The Nature of the Problem
The real problem isn’t that the information on these lost or stolen laptops is being used; the problem is that it might be used, and that fact triggers the media announcements and the resulting uproar. So far, there have been almost no cases in which the information on the compromised computers has been used for identity theft. In fact, if you read the stories carefully, you’ll find that in many cases, such as the Veterans Administration theft, the data is in special formats that would be hard for an outsider to read. But still, it could be read, and that was enough to touch off the disciplinary actions, the firings, and the media frenzy.
Obviously, the first line of defense is to make sure that your organization’s laptops aren’t stolen. (Actually, the first line of defense is to see to it that sensitive information isn’t kept on laptops at all, but that’s a different kind of problem.) The second defense is to do everything you can to make sure that if the laptop does disappear, nobody is going to be able to read what’s on it. In other words, to encrypt the data beyond reasonable recovery.
Note the word "reasonable." In security, there are no absolutes. Given enough time and sufficient resources (and physical possession of the machine), it’s possible to crack anything. Apparently the U.S. intelligence community did just that with Iraqi terrorist Abu Masab al-Zarqawi’s laptop, which used encryption—and yielded a treasure trove of information anyway.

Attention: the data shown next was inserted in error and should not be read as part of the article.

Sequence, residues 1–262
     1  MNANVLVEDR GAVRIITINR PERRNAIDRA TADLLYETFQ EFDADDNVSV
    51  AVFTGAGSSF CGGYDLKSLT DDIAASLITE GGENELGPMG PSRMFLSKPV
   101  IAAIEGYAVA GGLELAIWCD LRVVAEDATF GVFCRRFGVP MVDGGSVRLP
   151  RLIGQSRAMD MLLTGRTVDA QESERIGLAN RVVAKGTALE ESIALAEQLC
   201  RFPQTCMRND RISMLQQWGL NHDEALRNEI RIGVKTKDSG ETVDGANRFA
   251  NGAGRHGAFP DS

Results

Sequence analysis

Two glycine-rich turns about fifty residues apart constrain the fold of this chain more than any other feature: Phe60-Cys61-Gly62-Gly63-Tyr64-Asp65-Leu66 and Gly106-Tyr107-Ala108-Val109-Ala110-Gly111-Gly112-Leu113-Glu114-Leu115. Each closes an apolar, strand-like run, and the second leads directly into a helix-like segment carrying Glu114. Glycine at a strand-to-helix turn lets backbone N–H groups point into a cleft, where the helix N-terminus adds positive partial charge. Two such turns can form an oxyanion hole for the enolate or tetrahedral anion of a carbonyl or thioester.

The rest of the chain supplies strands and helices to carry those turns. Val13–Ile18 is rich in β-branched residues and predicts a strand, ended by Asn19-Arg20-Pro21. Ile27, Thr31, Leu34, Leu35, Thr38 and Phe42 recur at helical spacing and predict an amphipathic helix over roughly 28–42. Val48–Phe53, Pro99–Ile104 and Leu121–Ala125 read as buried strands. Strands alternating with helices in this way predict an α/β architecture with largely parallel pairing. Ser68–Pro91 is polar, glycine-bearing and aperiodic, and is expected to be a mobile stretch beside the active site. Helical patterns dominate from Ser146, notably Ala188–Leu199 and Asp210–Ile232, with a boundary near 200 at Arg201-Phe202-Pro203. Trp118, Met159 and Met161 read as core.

Generally the attacks on encrypted disks don’t go after the encryption algorithm directly. Most of the modern ones, such as Advanced Encryption Standard (AES) 256 and PKI, are just about impossible to crack. Instead, the bad guys go for weak spots in the encryption process or in Windows itself. For example, file-based products are really designed to protect data in motion over a network. When they’re (mis)used to protect disks, the data is frequently vulnerable because the file protection doesn’t extend to the swap files used by the Windows virtual memory system, or the copies made in the process of printing.
However, good encryption software, properly used and properly managed, can make it virtually certain that the bad guy who walked off with your computer can’t get anything off it.
Encryption software for laptops and other computers isn’t new. In fact, it’s a fairly mature technology that has been available for a decade or more, and a number of products have well-established track records.